Suture tape augmentation reinforces the ligament, acts as a secondary stabilizer and protects the ligament during the healing phase which allows natural healing and early mobilization. Furthermore, the morbidity associated with graft harvest is avoided leading to a reduction in muscle atrophy postoperatively, thereby accelerating rehabilitation. Moreover, the proprioceptive properties that are retained in the native PCL could benefit long-term recovery and return to sporting activity . Additionally, the tunnels associated with this PCL repair technique are situated in the same position as the larger tunnels used for autografts or allografts in PCL reconstruction. As a result, the revision surgery is without the additional complexity often associated with revision following PCL reconstruction . There was no evidence of synovitis, erosions or cyst formation on further imaging or at the time of revision surgery. This addresses a major concern and highlights the difference between the internal bracing technique used in this study and traditional synthetic grafts .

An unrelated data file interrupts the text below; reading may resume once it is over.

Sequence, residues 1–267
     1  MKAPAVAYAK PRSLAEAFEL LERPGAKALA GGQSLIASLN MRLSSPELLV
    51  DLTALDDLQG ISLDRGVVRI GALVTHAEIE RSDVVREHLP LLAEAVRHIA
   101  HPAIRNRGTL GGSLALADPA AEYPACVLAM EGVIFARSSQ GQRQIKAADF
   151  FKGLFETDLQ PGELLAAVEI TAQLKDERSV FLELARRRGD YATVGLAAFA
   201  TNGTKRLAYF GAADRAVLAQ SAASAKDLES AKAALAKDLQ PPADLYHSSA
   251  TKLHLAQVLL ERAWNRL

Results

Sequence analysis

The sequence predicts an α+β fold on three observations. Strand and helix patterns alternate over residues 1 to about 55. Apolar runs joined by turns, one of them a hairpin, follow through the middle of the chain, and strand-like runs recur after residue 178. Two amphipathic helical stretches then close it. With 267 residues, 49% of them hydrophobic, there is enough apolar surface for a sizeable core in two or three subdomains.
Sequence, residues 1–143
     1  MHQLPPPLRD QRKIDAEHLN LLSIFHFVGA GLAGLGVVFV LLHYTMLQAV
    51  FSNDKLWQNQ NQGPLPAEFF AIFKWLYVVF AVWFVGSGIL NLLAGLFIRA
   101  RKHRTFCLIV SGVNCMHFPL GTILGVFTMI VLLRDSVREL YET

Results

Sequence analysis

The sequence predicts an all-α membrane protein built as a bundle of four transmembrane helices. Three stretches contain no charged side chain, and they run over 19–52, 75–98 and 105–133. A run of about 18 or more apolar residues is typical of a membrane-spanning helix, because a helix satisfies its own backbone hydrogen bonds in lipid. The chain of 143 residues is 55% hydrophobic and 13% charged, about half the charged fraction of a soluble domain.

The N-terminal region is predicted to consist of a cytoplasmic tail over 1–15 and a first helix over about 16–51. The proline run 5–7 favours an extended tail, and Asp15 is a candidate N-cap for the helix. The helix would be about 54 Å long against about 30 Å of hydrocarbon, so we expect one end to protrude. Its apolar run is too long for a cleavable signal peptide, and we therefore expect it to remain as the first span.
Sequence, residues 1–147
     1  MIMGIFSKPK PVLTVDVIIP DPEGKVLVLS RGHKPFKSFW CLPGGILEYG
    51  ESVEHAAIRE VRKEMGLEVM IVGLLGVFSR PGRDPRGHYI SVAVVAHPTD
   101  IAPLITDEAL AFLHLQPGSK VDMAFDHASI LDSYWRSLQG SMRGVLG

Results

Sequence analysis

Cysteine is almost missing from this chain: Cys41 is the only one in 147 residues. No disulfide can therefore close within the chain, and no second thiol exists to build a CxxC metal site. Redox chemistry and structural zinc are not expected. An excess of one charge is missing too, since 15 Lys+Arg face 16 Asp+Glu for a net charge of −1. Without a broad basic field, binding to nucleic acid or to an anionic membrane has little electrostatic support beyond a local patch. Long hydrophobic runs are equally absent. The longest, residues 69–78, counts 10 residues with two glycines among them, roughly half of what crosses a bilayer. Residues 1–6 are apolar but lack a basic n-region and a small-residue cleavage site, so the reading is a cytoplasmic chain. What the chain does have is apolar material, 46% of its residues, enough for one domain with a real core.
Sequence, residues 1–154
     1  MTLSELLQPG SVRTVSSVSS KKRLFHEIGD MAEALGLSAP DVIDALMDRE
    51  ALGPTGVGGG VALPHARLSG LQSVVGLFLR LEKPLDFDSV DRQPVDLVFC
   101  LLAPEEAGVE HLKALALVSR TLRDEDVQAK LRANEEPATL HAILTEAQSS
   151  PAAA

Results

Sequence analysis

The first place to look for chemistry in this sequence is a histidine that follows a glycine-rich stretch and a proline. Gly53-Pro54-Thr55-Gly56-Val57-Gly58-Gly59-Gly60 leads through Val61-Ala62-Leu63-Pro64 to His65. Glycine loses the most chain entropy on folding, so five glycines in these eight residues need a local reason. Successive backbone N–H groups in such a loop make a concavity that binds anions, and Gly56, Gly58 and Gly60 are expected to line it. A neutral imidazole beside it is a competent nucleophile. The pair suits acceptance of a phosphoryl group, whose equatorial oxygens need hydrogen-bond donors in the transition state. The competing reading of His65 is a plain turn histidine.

PCL repair was originally performed as an open procedure with inconsistent results [8, 17, 21]. More recently, arthroscopic PCL repair has been described using a number of different techniques. These have shown promise, with satisfactory patient reported outcomes following repair after PCL soft tissue avulsion injuries . A small case series utilizing suture anchors to repair PCL soft tissue peel-off injuries also reported satisfactory outcomes . There has also been the description of a technique similar to ours, with PCL repair and augmentation with an internal brace . Furthermore, Otto et al.  described their results of internal bracing of acute PCL lesions with minimum follow-up of 12 months but they were only able to include 14 of 27 patients. Nonetheless, there are no clinical outcome results of arthroscopic PCL repair with suture tape augmentation with 2-year follow-up in the literature.